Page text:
This is flat out wrong. You have a fundamental right to disappear, and anyone who tries to strongarm you into thinking you don’t should be ignored. They’re acting like bullies, and bullies are never worth your time.
The right to disappear
It’s important to discuss what the right to disappear is, and why it’s a fundamental right. Plainly, the right to disappear is the right to remove yourself from a situation or a set of circumstances that you personally deem unhealthy, unreasonable, or unacceptable. It’s the right that allows you to pack up all your things and move across the country whenever you want. It’s the right that lets you delete your Facebook account. To change your phone number. To leave old ties behind and form new ones.
To put it another way, it’s your right to do what you believe is in your best interest without unwarranted interference. It’s your fundamental right to self-determination.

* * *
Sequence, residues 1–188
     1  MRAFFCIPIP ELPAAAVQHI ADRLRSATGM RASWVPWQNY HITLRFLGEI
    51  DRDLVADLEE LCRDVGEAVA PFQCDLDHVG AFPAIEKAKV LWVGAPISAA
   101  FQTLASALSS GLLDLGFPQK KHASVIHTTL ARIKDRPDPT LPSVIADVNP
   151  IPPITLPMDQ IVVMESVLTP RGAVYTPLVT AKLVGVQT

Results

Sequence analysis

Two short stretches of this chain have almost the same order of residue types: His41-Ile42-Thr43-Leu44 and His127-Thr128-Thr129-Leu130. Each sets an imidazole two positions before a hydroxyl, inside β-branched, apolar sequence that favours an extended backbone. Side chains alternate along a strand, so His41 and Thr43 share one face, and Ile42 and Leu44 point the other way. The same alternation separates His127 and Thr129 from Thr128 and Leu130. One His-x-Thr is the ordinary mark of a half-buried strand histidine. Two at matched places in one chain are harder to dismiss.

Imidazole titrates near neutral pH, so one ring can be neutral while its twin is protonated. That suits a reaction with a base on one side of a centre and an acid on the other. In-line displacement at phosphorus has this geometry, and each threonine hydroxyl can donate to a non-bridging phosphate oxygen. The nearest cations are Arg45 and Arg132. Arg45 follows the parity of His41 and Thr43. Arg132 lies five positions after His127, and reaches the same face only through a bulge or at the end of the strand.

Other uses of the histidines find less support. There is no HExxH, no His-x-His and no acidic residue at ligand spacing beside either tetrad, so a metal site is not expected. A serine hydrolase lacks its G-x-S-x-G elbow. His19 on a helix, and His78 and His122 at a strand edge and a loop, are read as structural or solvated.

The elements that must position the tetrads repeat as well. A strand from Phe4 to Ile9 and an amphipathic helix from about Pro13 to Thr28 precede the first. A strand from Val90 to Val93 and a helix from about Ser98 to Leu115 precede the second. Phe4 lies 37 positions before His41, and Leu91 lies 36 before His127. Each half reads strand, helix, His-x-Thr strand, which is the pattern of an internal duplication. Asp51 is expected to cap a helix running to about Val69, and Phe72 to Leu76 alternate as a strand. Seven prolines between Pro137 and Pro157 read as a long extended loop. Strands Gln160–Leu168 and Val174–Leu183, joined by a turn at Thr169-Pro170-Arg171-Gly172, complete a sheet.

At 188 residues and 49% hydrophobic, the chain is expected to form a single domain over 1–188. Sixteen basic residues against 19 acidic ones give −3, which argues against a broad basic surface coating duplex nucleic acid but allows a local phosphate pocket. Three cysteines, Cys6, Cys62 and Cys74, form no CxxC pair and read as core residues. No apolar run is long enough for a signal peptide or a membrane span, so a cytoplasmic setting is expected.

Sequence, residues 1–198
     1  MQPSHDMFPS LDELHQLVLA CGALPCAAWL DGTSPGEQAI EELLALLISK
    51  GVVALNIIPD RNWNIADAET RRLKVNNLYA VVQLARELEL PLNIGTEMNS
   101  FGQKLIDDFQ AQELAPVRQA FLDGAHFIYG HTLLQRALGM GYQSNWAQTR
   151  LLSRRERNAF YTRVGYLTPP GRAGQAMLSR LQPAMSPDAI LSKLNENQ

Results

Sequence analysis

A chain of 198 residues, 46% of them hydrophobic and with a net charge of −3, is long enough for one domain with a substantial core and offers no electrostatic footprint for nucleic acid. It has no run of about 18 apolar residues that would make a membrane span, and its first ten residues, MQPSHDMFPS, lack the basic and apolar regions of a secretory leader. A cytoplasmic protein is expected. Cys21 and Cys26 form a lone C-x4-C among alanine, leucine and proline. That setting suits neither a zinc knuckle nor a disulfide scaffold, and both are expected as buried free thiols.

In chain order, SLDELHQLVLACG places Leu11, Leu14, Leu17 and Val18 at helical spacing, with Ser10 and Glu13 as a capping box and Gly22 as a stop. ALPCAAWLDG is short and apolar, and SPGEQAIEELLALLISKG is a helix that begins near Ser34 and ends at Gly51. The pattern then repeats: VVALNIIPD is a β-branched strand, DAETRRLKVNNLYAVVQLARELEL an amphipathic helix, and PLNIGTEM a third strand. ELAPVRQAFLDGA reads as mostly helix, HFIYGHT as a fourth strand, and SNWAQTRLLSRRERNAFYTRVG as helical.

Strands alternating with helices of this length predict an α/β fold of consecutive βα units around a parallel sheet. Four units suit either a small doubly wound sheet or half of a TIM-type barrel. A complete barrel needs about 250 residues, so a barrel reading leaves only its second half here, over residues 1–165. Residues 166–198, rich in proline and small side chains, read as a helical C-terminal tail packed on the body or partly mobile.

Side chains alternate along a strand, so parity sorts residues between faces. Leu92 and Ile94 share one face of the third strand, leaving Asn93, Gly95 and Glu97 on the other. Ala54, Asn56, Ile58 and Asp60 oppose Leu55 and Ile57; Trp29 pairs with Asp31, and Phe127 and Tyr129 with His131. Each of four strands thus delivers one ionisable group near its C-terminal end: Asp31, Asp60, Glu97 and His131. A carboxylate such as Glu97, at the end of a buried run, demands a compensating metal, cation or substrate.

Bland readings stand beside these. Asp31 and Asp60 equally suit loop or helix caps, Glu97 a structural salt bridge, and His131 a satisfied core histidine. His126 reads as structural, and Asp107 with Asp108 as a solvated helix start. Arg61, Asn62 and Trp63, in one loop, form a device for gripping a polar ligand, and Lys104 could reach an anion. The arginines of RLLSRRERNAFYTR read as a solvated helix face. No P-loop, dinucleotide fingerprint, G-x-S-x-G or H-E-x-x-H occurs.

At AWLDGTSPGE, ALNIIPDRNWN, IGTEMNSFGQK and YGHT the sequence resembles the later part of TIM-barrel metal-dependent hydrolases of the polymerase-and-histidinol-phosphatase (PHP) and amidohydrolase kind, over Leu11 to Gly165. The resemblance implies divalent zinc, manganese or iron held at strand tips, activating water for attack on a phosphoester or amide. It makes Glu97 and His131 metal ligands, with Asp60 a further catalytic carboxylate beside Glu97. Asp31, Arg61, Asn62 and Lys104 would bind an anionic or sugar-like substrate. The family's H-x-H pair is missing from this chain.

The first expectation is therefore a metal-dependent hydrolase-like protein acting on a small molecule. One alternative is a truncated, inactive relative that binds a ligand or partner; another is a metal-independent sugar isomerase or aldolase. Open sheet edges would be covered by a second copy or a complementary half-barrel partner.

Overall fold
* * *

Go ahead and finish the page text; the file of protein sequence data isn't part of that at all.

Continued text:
This isn’t a minority-held opinion, either: it’s even codified in Articles 18–20 of the Universal Declaration of Human Rights:
18. Everyone has the right to freedom of thought, conscience and religion; this right includes freedom to change his religion or belief, and freedom, either alone or in community with others and in public or private, to manifest his religion or belief in teaching, practice, worship and observance.
19. Everyone has the right to freedom of opinion and expression; this right includes freedom to hold opinions without interference and to seek, receive and impart information and ideas through any media and regardless of frontiers.